3. rabbit.

    rabbit. Member

    I am going through a similar process and a few things come to mind:

    This has do to with growing up. As a teenager, you think nobody has a clue and your parents are stupid, but then you realize that not everything they said was bullshit and that a lot of social norms serve a purpose. So as you're getting older, you now understand the use many social rules have, and if you don’t, you just become some stupid hipster idiot and there is nothing cool about that when you’re 30 years old.

    In practical terms, the question shouldn’t be whether you lose your independence by complying with some social standard, but whether a rule makes sense and improves your life. I adhere to almost all driving rules because they make sense. I actually often go further than the norms, e.g. I never drink and drive, even though I could legally drink like 2 beers. So I can accept a social norm and keep my independence a bit by making my own rules within the limits set by the norm.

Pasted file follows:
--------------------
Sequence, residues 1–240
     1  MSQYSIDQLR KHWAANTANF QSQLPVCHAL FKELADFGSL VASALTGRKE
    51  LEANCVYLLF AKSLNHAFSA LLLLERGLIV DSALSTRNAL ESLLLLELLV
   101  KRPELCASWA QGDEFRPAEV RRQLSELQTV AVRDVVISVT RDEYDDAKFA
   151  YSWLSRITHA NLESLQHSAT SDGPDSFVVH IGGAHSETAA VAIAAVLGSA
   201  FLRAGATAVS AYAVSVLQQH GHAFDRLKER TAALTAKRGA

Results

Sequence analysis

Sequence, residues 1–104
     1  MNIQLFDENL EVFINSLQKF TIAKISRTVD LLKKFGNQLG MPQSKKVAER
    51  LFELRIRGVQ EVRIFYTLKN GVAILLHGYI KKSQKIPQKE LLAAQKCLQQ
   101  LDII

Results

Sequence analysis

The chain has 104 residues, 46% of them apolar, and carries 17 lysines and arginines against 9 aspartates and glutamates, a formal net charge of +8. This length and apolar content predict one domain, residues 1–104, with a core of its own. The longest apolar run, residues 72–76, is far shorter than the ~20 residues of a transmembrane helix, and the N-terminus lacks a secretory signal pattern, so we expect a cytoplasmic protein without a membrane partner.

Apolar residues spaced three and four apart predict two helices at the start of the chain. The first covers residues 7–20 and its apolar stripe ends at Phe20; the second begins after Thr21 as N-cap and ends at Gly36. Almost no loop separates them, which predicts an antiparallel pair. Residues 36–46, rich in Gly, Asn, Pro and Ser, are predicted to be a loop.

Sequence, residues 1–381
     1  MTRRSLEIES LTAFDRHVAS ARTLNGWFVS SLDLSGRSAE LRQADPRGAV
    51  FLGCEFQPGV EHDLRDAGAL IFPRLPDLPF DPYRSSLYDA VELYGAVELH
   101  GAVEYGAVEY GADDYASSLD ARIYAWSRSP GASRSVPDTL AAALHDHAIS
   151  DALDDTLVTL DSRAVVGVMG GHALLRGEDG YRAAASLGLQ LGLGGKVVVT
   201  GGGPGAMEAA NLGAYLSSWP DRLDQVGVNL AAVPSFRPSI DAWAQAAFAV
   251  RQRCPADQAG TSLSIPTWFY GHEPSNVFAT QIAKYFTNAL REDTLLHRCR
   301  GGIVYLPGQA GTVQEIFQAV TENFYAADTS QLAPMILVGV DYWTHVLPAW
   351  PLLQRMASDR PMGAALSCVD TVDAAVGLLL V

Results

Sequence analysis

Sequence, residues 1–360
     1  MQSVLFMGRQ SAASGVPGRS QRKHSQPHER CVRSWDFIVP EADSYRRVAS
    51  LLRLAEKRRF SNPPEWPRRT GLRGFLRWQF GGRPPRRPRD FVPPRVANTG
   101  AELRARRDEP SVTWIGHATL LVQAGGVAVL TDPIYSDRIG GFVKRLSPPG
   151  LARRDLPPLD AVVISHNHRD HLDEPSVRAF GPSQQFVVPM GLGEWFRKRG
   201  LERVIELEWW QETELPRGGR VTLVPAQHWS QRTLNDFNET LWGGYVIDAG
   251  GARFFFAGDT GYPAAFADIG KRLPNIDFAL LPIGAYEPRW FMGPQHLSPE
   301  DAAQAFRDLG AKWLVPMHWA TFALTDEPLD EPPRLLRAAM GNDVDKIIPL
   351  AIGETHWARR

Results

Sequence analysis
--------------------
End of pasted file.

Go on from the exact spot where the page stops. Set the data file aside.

But my explanation for all of this is different (I think, I don’t really get your explanation). The fear runs deeper: it's the fear of having a real, tangible identity.

    It’s important to realize that not being anything is not an identity and that you won't get a medal for being different. "I am not like those people" – yes, but what are you then? "I’m not married" – well, are you single, dating, in a relationship, divorced? I too thought I knew my "true self", but in reality, I had a laundry list of things I wasn’t or didn’t do, but my list of what I was and did was very short. It was just a false sense of security.